July 30th, 2021 sees the release of Common Ground’, the self-produced new album from Big Big Train on their own label, English Electric Recordings. The new album, recorded during the worldwide pandemic, sees the band continue their tradition of dramatic narratives but also tackles issues much closer to home, such as the Covid lockdowns, the separation of loved ones, the passage of time, deaths of people close to the band and the hope that springs from a new love. Watch the new video for the title track, created by Christian Rios, here:
«This is unashamedly a love song. It is about finding things that we share and have in common with other people. When my partner and I first came together as a couple, we lived not far from Avebury in Wiltshire, a very Big Big Train kind of place. The chalk hills and standing stones were part of the imagery of our ‘Folklore’ album, and once again I was writing what was literally happening in the location in which we found ourselves. I remember seeing my white chalk dust footprints upon the black of the car mats after we’d been walking around Avebury. I’m pleased that we both get to have this time with each other and ‘Common Ground’ is about finding out the things that we have in common with each other and deciding what we want to do in life together». – David Longdon
1. The Strangest Times
2. All The Love We Can Give
3. Black With Ink
4. Dandelion Clock
7. Common Ground
8. Atlantic Cable
Common Ground sees the band taking in wider musical and lyrical inspiration from artists such as Elbow, Pete Townshend, Tears For Fears, Elton John and XTC, as well as acknowledging their more progressive roots. As ever, Big Big Train will take listeners on a journey, be it waiting for the UK 5pm pandemic press conferences The Strangest Times) to the library of Alexandria (Black With Ink) to the bottom of the ocean (Atlantic Cable).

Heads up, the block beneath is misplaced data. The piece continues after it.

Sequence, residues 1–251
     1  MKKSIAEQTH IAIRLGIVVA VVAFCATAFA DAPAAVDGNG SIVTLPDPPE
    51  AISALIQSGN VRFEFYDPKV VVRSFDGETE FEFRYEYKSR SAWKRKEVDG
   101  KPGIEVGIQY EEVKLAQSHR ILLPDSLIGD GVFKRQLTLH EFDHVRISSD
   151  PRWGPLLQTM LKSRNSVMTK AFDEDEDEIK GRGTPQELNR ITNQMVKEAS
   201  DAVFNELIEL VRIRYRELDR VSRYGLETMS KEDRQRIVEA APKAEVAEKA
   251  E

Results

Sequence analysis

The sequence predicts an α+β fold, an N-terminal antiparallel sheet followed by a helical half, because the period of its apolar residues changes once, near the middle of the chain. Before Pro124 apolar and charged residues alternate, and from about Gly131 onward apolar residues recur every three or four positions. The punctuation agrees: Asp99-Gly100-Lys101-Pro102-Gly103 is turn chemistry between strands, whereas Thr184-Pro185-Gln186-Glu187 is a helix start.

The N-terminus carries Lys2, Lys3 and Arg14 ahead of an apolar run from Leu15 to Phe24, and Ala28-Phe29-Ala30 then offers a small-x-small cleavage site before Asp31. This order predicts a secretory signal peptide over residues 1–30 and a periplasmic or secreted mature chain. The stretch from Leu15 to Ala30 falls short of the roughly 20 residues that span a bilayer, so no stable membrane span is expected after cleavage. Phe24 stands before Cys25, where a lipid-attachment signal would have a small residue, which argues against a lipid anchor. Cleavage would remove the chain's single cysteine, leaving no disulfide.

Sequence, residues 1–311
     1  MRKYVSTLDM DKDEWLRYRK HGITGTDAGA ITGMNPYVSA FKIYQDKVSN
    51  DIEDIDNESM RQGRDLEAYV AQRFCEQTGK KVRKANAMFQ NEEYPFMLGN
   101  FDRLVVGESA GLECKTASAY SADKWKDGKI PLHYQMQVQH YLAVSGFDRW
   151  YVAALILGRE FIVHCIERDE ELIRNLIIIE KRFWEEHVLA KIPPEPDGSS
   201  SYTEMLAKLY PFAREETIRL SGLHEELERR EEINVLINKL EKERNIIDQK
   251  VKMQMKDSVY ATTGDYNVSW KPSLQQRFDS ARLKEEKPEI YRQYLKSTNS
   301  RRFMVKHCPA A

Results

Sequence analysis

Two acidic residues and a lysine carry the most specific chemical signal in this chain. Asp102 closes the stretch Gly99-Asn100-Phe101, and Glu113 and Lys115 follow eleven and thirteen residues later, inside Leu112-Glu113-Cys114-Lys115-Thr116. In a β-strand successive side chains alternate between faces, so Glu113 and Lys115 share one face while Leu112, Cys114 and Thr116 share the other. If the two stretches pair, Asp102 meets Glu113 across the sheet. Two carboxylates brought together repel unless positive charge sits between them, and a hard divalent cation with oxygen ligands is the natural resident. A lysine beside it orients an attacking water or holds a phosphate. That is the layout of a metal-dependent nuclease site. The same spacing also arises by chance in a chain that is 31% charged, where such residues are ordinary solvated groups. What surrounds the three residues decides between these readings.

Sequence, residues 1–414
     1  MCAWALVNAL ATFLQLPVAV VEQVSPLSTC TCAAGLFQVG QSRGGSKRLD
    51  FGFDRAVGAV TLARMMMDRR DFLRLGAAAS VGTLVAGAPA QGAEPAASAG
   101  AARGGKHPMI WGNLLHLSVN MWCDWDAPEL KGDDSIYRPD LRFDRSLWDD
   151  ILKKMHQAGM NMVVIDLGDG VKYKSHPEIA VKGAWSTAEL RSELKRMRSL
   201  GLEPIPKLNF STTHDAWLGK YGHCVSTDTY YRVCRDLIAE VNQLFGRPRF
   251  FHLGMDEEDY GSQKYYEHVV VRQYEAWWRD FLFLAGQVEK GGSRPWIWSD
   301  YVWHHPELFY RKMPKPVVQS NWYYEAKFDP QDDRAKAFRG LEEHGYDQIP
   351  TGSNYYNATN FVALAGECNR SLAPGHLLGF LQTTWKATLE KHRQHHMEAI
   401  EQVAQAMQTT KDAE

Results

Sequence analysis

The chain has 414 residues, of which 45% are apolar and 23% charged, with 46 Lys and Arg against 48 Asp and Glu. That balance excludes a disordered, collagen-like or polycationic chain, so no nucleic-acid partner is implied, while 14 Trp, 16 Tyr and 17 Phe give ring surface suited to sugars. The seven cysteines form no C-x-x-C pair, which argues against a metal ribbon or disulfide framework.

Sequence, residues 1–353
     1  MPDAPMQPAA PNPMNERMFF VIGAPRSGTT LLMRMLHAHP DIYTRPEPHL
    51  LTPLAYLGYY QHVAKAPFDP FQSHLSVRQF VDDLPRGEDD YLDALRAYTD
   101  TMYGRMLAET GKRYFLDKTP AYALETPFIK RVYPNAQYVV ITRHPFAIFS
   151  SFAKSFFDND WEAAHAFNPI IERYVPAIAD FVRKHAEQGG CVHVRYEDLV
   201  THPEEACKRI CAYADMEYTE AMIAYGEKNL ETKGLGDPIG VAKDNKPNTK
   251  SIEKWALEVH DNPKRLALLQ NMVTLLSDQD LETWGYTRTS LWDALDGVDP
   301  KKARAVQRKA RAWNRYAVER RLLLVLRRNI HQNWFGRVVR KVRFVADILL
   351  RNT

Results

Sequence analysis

For the Common Ground tour, which will be their most extensive to date and which will culminate in the UK with a show at the prestigious London Palladium, Greg Spawton (bass), David Longdon (lead vocals, flute), Nick D’Virgilio (drums, vocals) and Rikard Sjöblom (guitars, keyboards, vocals) will be joined by Carly Bryant (keyboards, guitars, vocals), who contributes vocals to Common Ground, Dave Foster (guitars), who plays on two tracks on the new album, Clare Lindley (violin, vocals) and by a five piece brass ensemble. The band expect to announce North American tour dates shortly.
Big Big Train has taken lyrical and musical inspiration from periods of history that are recognized as great leaps forward. Now with Common Ground, they are making such a surge themselves.
Nick D’Virgilio: drums and vocals
David Longdon: vocals, acoustic guitar, piano, synth
Rikard Sjöblom: electric guitar, vocals
Gregory Spawton: bass, bass pedals, vocals
Carly Bryant: vocals
Dave Foster: guitar
Aidan O’Rourke: violin
Big Big Train was initially founded in 1990 and went through several line-up changes, but in 2009 the band decided on a fresh start, and the core of the current version of the band was born.
Since then, they have gone on to win four Progressive Music Awards, played sold out shows and seen their last album, 2019’s ‘Grand Tour’, reach #1 in the Official UK rock charts and break into the top 40 in the Official UK album charts.
The band toured the UK for the first time in 2019, culminating in a sold out show at London’s Hackney Empire, subsequently released as the critically acclaimed Blu-ray Empire, and 2022 will see the band performing their largest UK tour to date along with their first ever dates in North America.
While many of Big Big Train’s songs have been rooted in the history of Great Britain and Europe, it seems fitting that they are now indeed an international band. Bassist Greg Spawton, who founded the band, grew up in a railway household and named them after a 1970s train set he owned, is based in the UK, as is singer David Longdon, who joined the band in 2009 for the breakthrough album The Underfall Yard’ The other two core band members, drummer Nick D’Virgilio and multi-instrumentalist Rikard Sjöblom, reside in Indiana, USA and Gåvle, Sweden, respectively.